Well, that confirms what I deduced. Stupid enough, I just assumed i'd be SS/DS. 
And I never read the specs... Greetings from the TyRannoSaurus

      From: "biggran...@tds.net" <biggran...@tds.net>
 To: m...@bitchin100.com 
 Sent: Tuesday, 8 August 2017, 16:29
 Subject: Re: [M100] 3.5" Media
 The specifications in the PDF for the PDD1 and PDD2 says the following:
 PDD1 (26-3808):
     Number of surfaces                        1
     Number of Memory Blocks
         Total number of tracks               40
         Total number of hard sectors    80
 PDD2 (26-3814):
     Number of surfaces                        1
     Number of Memory Blocks
         Total number of tracks               80
         Total number of hard sectors    160
 On 8/8/2017 12:39 AM, Gary Weber wrote:
 > Double-sided doesn't hurt anything of course, although it's too bad you 
 > can't make 3.5" flippy disks as easily as you could 5.25"! 
  After rereading this I wanted to make one critical point.   Remember, if 
yours is truly the TPDD2, it already is double sided.  It formats the drive as 
100K per side (200K total).  You use the "Bank" feature in TS-DOS to switch 
between which side you're accessing.   So, no need to be fantasizing about 
flippy-floppies.  ;-) 
  It was the original TPDD that is only 100K single sided.
 On Mon, Aug 7, 2017 at 8:04 PM, Kurt McCullum <kurt.mccul...@att.net> wrote:
   Thanks Brian & Garry,   I suspected that to be the case but when my HD disk 
appeared to work I thought I would ask.   Kurt   From: M100 
[mailto:m100-bounces@lists. bitchin100.com] On Behalf Of Brian White
 Sent: Monday, August 07, 2017 4:41 PM
 To: m...@bitchin100.com
 Subject: Re: [M100] 3.5" Media      I wasn't using these when they were 
current, but... No question double density. Aside from the dates when these  
things were sold, or the fact that the actual formatting is far less than 
double density, or the fact that the original utility disk that came with it is 
double density, which are each solid points on their own...      The manual for 
PDD-2 says to use cat 26-415 or 26-416,   and those catalog numbers are not 
only double density but actually single sided.       Double-sided doesn't hurt 
anything of course, although it's too bad you can't make 3.5" flippy disks as  
easily as you could 5.25"!       But trying to use SD/DD read/write head signal 
strength on HD media is going to either not work at all,  or work very 
poorly/unreliably, or worse, *appear to work but be corrupt*. Because the HD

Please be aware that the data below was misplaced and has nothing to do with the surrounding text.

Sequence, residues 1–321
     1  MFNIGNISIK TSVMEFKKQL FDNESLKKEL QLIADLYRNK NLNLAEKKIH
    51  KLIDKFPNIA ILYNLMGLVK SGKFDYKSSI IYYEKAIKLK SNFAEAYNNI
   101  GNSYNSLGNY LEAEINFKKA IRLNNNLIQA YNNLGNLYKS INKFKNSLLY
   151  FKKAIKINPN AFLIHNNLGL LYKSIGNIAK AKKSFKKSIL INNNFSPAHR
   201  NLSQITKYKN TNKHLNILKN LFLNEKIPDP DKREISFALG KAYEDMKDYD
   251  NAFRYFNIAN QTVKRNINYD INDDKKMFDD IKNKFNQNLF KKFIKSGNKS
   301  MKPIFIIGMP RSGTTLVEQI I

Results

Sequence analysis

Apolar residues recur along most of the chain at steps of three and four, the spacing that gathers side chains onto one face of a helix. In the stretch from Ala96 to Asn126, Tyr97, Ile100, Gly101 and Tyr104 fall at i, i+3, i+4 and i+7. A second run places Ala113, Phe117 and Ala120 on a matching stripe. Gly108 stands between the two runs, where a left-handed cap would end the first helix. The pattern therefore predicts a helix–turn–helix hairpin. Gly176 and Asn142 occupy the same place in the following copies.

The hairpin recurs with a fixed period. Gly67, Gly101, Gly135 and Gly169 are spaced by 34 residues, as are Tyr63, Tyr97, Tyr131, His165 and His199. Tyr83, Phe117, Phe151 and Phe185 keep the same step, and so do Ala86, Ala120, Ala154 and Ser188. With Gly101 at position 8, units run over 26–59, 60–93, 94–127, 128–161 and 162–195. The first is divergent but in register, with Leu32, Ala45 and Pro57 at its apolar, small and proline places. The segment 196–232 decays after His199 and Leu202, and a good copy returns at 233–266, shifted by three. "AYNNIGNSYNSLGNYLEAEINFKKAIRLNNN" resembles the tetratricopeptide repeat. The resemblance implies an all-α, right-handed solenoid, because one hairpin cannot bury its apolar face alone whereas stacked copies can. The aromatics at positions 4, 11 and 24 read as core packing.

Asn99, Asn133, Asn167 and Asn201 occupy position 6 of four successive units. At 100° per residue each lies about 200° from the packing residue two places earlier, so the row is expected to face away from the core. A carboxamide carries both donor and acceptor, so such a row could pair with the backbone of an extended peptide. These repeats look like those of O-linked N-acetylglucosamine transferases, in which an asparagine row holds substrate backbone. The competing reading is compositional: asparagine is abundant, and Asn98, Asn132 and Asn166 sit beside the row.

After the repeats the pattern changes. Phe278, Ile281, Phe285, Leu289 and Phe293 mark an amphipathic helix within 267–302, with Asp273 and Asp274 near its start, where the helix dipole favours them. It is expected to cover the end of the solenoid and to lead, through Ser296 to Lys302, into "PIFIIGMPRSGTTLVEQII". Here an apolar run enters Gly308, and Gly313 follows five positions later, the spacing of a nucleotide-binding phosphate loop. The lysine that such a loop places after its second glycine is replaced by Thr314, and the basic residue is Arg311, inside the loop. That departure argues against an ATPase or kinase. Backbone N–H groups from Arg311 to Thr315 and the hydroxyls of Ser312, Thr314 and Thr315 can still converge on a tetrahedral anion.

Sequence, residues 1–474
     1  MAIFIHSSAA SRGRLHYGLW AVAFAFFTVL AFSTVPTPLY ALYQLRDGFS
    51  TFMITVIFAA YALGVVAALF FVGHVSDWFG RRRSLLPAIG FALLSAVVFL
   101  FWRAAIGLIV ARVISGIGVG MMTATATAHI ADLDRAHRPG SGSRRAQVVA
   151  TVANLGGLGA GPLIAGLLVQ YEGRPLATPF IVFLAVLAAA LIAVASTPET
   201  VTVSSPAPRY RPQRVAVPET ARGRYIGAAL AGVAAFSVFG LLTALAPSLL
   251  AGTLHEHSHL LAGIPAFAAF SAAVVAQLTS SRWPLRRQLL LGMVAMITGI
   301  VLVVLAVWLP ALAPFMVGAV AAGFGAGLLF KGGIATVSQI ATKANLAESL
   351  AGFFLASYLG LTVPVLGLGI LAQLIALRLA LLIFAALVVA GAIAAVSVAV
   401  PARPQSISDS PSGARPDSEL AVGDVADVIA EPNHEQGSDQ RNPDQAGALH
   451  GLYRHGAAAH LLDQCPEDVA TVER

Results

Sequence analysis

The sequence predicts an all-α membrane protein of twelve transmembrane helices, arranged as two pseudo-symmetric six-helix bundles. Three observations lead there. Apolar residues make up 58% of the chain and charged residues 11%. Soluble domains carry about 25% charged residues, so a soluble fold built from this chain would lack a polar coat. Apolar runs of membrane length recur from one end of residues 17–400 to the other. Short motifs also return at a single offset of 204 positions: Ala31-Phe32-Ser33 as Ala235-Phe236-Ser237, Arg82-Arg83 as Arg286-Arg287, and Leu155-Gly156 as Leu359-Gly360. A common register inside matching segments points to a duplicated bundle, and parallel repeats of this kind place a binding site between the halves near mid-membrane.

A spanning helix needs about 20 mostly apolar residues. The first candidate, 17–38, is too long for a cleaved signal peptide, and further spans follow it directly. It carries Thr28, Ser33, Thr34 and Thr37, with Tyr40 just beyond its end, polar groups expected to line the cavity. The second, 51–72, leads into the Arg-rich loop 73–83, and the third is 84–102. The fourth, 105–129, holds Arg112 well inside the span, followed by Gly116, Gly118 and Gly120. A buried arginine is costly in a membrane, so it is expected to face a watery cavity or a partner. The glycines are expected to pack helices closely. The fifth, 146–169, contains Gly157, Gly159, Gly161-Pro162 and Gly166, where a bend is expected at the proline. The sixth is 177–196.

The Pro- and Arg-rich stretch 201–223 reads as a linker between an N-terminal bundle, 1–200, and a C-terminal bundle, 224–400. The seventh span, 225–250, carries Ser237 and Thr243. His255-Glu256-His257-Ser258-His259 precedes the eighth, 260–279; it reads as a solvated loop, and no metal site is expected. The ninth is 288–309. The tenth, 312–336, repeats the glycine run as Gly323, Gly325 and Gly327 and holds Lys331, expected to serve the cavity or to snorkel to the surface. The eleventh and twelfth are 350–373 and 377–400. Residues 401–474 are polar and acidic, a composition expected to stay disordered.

media is more sensitive than the older media, and operates at lower signal 
strengths than the older media. An SD or  DD drive write signal is stronger to 
match the weaker media it was meant for. So in effect you are over-driving the 
newer media. In plain audio you can tell when that's happening because you 
actually hear  the distortion like a ripped speaker. As data, you can't hear it 
directly or tell it's happening, which makes it more dangerous. They should 
have made HD disks so they don't even fit in older drives. Make them slightly 
longer maybe, so that old disks could still fit in new drive, but new disks 
couldn't fit in old drives.  The guy who sent me my copy of the utility disk 
sent one of each type, and the HD copy actually works, which is what I mean by 
"dangerous", because, going by that, you would conclude "It works, so, it  
 Jump to page 6
 http://www.classiccmp.org/ cini/pdf/Tandy/Portable% 20Disk%20Drive%202% 
 Jump to page 41
 http://www. colorcomputerarchive.com/coco/ Documents/Radio%20Shack% 
20Catalogs/Tandy%20Computer% 20Catalog%20and%20Software% 
20Reference%20Guide%20(1988)( Tandy).pdf
 That catalog doesn't say DD explicitly, but it does say others are HD and 
1.44M explicitly, which makes everything else not-HD by omission.   I assume 
that somewhere a more authoritative reference on the catalog numbers would show 
that more  explicitly.
 --    bkw       On Mon, Aug 7, 2017 at 6:41 PM, Gary Weber <g...@web8201.com> 
 Double Density for sure.  A long time ago, I had attempted to format a
 high density disk on a TPDD2 but it gave an error.   I've always had
 to use double density disks.   
 On Mon, Aug 7, 2017 at 2:33 PM, Kurt McCullum <kurt.mccul...@att.net> wrote:
 > For those who have used a TPDD2 in the past, I have a question about media
 > type. Do these drives prefer double density (720k) or high density (1.44mb)
 > media? I've tested with both from by using recycled media from years gone by
 > and both seem to work. My primary interest in the drive is to see if I can
 > improve mComm but as I'm testing, I'd like to actually use the proper media.
 > Kurt
 Gary Weber


Reply via email to